Monday, January 6, 2014

Catch Up and the Dreaded Mending Pile

Well I have finally completed my degree and my honours thesis. So now that I have taken a few weeks to overcome the trauma induced by stress and study, it was time to get back to my sewing.

After winning the war over my huge starching and ironing pile (the only negative to reenactment and historical costuming) I was left with a huge mending pile. My husband loves his period shirts and has worn many of them to death. He says that the wear and tear make them more period correct, but no self respecting housewife would let her husband out in those shirts (in my opinion). Nic has 5 shirts and every one of them required repairs. These repairs included button replacements, holes, tears, slits, worn cuffs.

I find that there are many different ways that I mend shirts. I am not sure how historically accurate they are.

Cuffs - Nic wears out cuffs a lot due to wear and washing (black powder colours the fabric and requires bleaching and scrubbing at times). On the first repair I slit the seam and turn it under. On the second repair I completely replace the cuff. By turning it under it extends the life with a lot less waste and work.

The top cuff shows the worn fold of the cuff. The bottom cuff shows it slit and turned under, I then whip stitch the seam closed. This is a quick and easy way to extend the cuff's life, but can only be done once as it makes the cuff thinner and is impeded by the buttonhole.

Under Arm - this shirt was made for Nic by his dressmaker before we began dating. The gussets did not line up and had no reinforcing. As a result of age and use it ended up with a huge hole in the undersleeve. It was too big for me to darn, so I whipped the edges to the sleeve under-flaps to prevent further tearing and fraying.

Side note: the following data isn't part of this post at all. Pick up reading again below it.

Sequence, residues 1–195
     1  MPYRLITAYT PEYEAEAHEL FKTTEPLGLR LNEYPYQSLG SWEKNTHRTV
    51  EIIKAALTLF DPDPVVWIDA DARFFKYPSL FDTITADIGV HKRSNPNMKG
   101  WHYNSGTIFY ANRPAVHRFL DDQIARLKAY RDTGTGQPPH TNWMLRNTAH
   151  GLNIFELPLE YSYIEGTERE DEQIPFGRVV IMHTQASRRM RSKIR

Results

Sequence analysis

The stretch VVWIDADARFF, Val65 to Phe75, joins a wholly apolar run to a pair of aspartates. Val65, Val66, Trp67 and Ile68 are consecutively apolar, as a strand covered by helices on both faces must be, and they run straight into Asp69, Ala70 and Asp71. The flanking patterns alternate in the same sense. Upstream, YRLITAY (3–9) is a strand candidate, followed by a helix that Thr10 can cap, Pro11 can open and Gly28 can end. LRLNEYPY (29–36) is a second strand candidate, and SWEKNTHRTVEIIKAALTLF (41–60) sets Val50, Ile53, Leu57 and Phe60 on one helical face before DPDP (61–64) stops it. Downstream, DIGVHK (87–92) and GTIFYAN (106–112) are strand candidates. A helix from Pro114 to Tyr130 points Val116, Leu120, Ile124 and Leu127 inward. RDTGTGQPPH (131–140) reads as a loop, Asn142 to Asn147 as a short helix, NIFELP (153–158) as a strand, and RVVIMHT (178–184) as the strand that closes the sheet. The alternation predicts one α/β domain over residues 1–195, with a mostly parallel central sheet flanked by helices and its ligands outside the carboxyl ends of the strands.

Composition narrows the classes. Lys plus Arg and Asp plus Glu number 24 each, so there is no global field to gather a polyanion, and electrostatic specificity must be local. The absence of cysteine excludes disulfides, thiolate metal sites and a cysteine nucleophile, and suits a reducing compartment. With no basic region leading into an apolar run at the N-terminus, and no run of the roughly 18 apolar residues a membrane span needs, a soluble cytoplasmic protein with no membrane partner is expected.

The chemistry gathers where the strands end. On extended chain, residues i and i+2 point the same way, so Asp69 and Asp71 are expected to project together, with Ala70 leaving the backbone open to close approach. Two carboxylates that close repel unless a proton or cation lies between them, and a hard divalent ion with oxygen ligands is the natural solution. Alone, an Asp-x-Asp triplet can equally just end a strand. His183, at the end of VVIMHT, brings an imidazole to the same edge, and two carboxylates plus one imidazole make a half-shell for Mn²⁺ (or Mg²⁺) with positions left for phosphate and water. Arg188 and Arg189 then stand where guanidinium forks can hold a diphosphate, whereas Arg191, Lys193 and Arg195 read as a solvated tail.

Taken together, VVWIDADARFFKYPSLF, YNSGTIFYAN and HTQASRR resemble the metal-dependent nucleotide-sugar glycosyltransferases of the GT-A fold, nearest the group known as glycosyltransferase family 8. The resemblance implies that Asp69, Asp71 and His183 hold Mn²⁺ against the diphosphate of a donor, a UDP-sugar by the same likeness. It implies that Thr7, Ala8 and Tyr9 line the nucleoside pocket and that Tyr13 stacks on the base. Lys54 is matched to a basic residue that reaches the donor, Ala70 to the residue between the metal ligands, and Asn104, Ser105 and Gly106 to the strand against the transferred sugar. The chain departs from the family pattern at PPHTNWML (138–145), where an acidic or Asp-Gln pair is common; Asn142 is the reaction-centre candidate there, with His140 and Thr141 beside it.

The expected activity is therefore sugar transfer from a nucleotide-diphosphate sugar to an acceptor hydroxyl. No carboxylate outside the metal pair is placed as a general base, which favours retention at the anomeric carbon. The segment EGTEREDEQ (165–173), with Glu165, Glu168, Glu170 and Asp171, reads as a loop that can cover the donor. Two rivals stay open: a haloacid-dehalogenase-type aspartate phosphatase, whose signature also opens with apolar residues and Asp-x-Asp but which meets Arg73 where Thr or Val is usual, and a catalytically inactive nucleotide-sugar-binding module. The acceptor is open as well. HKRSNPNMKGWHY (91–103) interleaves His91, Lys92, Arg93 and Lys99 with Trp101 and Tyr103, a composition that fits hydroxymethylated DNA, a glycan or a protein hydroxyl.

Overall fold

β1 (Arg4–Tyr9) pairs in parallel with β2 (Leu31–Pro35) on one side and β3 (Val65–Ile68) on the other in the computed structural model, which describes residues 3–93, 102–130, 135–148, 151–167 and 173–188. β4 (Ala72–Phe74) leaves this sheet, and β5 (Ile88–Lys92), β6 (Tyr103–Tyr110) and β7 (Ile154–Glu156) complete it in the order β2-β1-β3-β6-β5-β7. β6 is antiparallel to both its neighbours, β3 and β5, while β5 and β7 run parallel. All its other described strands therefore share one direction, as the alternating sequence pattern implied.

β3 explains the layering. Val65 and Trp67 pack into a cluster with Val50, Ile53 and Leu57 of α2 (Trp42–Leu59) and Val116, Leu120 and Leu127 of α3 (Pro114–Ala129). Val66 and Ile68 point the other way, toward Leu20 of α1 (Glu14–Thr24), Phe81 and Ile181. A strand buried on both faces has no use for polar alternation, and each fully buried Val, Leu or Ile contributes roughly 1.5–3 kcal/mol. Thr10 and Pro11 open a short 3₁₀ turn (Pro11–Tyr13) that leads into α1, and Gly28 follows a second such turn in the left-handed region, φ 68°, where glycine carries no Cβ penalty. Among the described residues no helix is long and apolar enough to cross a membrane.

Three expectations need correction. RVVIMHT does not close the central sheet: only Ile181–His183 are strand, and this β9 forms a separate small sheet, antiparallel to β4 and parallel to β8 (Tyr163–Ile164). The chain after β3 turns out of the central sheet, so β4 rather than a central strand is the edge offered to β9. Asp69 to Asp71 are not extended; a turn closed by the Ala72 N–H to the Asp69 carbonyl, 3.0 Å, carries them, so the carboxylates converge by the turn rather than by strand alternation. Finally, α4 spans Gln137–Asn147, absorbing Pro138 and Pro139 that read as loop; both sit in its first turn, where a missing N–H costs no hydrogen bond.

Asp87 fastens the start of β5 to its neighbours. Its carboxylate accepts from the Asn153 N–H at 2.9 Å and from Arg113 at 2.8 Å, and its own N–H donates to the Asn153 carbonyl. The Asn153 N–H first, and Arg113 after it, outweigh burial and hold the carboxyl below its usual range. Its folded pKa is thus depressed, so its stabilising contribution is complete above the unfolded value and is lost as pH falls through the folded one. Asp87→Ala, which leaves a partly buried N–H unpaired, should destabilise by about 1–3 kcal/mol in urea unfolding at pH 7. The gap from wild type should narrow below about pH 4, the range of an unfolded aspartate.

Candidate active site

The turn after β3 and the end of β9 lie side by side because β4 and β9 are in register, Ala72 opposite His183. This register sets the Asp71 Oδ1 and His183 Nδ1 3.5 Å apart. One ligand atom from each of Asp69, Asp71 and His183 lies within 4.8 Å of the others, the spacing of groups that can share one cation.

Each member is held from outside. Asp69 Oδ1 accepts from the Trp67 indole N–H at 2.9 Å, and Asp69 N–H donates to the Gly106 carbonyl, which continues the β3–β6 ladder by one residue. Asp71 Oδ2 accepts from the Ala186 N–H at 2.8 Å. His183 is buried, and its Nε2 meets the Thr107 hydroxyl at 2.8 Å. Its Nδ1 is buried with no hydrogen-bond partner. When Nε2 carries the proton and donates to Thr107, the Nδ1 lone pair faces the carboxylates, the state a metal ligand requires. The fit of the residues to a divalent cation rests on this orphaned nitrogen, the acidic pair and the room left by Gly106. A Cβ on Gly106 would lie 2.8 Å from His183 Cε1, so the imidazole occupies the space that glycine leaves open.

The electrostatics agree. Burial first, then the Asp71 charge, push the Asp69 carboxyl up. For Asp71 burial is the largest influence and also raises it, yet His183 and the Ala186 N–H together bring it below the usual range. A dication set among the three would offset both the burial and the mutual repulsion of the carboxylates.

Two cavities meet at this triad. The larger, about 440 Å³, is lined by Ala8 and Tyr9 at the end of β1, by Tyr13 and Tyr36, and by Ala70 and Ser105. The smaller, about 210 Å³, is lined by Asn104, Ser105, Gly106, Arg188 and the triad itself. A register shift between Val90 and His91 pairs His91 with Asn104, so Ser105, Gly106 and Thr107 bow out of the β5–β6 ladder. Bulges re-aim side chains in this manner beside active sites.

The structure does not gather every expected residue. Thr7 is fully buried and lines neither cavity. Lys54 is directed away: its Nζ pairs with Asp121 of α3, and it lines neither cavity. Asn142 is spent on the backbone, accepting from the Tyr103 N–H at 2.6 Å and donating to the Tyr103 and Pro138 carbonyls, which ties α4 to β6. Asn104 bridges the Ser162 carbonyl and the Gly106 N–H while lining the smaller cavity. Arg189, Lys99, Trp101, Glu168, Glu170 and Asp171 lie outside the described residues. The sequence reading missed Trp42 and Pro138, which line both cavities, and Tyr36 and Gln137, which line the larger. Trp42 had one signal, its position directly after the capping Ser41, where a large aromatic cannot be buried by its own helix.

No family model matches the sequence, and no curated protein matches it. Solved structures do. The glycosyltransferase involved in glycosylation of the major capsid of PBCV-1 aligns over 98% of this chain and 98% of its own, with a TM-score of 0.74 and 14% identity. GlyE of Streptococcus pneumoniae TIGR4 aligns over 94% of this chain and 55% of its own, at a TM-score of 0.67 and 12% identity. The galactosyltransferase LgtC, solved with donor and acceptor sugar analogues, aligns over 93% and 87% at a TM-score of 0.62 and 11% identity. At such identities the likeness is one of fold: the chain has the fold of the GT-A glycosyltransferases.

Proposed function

I also used this technique on a hole on one of the shoulders where the gap was too big for me to darn (I know that some people can probably do this, but I honestly find darning hard and tedious). 


General Tears -
While I do cheat on some holes, I will darn when it comes to slits that are easier to close. This is a nice little "L" shape tear on one shoulder that is about 1" (2.5cms long).

I have yet to touch on my own mending pile yet and I still have one shirt that I am continuing to darn against my own wishes. Maybe I should let you decide if its worth it. So far Nic has outvoted me and wants it repaired for use as a Napoleonic Private. I have currently only finished just over an inch of the darning. Its a big job.

The Challenge: #1 Make Do and Mend
Fabric: -
Pattern: Year: Various - Napoleonic, 1830s, 1850s and 1860s
Notions: Cotton and Linen Thread, various buttons (bone, pewter and porcelain)
How historically accurate is it? Not sure
Hours to complete: Continuing, a little every evening
First worn: -
Total cost: thread and buttons from stash

1 comment:

  1. What a great entry for this challenge! Fabric was expensive in the past, so fixing that last shirt does seem useful, even if it is tedious also. Congratulations on your degree!

    Happy new year,